To solve problems, groups need good ideas. Since complex problems usually require many good ideas, we generate them any way we can — brainstorming, conversations over lunch, or even dreaming. The ideas we generate include the good, the bad, and the ugly, and it isn't always obvious which is which. We have to comb through them all, evaluating, assessing, doing thought experiments, and making judgments. When we think we've found something worthwhile, we might do some actual experiments to help with the judging.
Generate, judge, experiment. Generate, judge, experiment. It isn't a simple cycle, of course, because sometimes we generate new ideas in the course of judging, or while running experiments. Nevertheless, it's useful to consider three roles for group members: generators, judges, and experimenters. Some people hop easily from role to role, and some adopt two roles — or all three — simultaneously.
Although ideas have a life cycle, we don't always respect that life cycle, and that's where trouble can begin. Over the next three issues, I offer some insights that help us to accommodate our generating, judging, and experimenting efforts to the life cycle of ideas. Let's begin with generating.
- Newborn ideas are fragile
- Newborn ideas — ideas just hatched and new to the group — are easily crushed. They usually have weaknesses that haven't yet been addressed. They're incomplete and vulnerable.
- Their vulnerability arises from at least three sources. First, if the problem space is complex, the generator of the idea might have grasped only a part of the problem. Second, generators tend to focus on singular aspects of the problem, even if they have grasped the entire problem. Third, to aid generation, generators often intentionally produce wacky or mostly-wacky ideas, because they can trigger creative thinking.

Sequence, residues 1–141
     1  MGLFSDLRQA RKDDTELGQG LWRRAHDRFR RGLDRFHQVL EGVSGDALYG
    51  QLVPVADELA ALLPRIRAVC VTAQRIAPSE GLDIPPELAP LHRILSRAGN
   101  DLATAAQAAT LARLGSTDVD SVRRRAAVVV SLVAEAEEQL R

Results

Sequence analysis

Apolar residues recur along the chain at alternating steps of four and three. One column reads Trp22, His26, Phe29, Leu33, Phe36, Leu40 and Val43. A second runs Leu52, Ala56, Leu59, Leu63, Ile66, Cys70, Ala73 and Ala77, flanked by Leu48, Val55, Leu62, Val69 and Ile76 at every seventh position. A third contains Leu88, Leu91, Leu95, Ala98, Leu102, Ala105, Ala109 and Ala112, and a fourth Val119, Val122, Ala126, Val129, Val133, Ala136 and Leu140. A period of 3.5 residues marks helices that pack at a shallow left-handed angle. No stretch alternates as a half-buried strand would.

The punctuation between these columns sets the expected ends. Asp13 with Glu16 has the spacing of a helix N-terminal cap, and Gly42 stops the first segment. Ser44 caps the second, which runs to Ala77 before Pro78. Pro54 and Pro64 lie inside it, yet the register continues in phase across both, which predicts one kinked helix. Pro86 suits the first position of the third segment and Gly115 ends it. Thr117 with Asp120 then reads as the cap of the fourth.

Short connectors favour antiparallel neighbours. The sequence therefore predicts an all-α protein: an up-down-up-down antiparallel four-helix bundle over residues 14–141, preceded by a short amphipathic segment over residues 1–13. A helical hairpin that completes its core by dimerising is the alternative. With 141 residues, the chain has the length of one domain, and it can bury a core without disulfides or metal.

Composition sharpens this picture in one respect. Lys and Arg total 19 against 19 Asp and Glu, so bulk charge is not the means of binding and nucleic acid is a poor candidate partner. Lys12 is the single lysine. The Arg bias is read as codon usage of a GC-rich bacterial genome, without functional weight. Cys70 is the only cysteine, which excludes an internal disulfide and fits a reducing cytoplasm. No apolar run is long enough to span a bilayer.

- To prevent premature rejection of newborn ideas, suspend judging until generation has completed an iteration. This suspension is an important part of formal brainstorming.
- Addressing weaknesses requires resources
- Newborn ideas are Newborn ideas are incomplete,
in part, because of the
their constituenciesincomplete, in part, because of the narrowness of their constituencies. Because it's new, a newborn idea hasn't yet acquired advocates beyond the small circle of its generators. This is rarely enough to protect a newborn idea from rejection, as its list of weaknesses accumulates.
- When we apply our judging and evaluation processes to newborn ideas, they sometimes die because their constituencies are so narrow that they suffer from insufficient exposure to cognitive diversity. For example, their generators might not have considered a weakness identified by a judge, or even if they have, they might not have developed a resolution.